thought she’d excel. But as the class progressed, I got over it.
This is because I realized that Ryder is doing very well in her overall obedience training. She will now sit, stay, stand, come, and look. She’ll also walk by my side down the road for a brief period of time. And she usually comes when I call her. She is, overall, a very happy dog.
I don’t think that Ryder is going to be a good trick dog. Rather, she will do well at what interests her. Things have to make sense to her. This, I think, is actually a sign of intelligence.
In class, we also worked on sit and dealing with distractions, like having Claudia come up to us and shake our hands. She also passed by us using a walker.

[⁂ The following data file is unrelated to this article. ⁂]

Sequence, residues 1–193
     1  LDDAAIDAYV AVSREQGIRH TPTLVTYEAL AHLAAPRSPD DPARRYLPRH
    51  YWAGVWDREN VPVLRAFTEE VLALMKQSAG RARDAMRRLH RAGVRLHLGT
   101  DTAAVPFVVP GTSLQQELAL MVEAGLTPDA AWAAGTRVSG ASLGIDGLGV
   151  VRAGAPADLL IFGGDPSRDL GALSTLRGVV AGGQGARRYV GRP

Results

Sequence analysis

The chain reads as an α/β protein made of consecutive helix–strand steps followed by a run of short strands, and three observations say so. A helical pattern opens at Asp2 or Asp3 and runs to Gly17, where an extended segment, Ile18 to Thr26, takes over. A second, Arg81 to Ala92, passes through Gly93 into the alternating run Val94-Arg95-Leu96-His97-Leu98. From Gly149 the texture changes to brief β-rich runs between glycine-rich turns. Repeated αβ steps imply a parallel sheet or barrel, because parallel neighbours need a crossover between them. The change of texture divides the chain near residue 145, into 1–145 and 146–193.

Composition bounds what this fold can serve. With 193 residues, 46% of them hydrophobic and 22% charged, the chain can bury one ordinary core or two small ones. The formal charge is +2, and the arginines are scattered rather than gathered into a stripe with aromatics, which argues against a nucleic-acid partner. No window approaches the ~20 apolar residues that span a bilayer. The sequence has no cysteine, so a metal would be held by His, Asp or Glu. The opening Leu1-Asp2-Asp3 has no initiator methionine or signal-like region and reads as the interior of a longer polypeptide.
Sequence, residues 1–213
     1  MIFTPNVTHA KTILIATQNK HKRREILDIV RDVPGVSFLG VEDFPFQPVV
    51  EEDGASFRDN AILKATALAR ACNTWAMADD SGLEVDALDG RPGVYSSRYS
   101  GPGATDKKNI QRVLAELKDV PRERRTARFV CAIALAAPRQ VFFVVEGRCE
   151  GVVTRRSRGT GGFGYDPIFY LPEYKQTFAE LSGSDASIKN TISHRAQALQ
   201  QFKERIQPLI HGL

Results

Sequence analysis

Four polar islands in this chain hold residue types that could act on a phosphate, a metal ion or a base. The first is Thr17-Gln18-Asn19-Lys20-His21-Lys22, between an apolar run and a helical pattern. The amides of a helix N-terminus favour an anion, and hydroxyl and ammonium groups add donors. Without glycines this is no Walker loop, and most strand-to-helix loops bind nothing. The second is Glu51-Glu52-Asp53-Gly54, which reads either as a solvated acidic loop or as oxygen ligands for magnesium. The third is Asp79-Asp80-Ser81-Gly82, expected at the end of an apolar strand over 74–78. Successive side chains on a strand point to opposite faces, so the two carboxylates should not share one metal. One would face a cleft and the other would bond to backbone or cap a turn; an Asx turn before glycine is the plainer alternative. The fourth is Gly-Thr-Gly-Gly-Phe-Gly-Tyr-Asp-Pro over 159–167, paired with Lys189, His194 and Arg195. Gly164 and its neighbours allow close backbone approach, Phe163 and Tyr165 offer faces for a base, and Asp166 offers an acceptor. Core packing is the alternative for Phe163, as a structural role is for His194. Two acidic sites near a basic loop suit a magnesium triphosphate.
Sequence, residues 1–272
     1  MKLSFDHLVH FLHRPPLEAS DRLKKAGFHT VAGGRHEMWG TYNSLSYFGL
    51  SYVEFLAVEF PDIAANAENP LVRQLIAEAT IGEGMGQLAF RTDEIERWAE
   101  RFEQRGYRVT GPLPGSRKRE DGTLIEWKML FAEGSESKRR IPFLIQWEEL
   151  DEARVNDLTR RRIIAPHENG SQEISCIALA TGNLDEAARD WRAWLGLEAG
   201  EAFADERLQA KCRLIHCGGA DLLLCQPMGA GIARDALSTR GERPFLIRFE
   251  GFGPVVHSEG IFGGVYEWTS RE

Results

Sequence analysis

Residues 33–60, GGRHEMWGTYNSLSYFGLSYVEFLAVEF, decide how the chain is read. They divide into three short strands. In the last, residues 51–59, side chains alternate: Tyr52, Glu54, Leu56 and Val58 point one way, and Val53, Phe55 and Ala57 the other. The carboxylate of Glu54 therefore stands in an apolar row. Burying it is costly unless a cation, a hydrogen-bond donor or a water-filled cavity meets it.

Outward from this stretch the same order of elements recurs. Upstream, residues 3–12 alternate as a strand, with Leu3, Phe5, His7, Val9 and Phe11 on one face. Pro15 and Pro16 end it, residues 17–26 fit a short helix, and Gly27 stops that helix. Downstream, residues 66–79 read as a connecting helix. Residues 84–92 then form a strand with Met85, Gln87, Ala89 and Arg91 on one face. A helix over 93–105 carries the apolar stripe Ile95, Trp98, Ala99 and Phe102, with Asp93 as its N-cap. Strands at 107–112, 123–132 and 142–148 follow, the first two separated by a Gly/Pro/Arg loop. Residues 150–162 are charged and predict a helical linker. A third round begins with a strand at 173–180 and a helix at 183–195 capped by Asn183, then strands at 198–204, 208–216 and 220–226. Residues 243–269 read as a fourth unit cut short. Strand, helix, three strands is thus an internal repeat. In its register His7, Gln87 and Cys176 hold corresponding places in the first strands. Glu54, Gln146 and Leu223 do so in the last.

Claudia, as usual, was her usual positive self. Her attitude has a way of rubbing off on the dogs and their handlers. Seems like little ever phases her. Her attitude complements her training methods. This is something to aspire to.
I didn’t mention this, but we’ve been having a problem with Ryder, who seems in one respect to have regressed. She resumed jumping on us when we were eating. For the life of me, I could not figure out what the problem was. It finally dawned on me that I needed to move her bed back into the kitchen. (It had been in the living room). I did this – dog immediately went over to her bed and lay down.
Smart dog was attempting to tell dumb human something important. Dumb human did not at first understand what smart dog was getting at. Very humbling, owning a border collie.
Next: 263: 12/14/13: Going to the Dogs -- Herding Class #5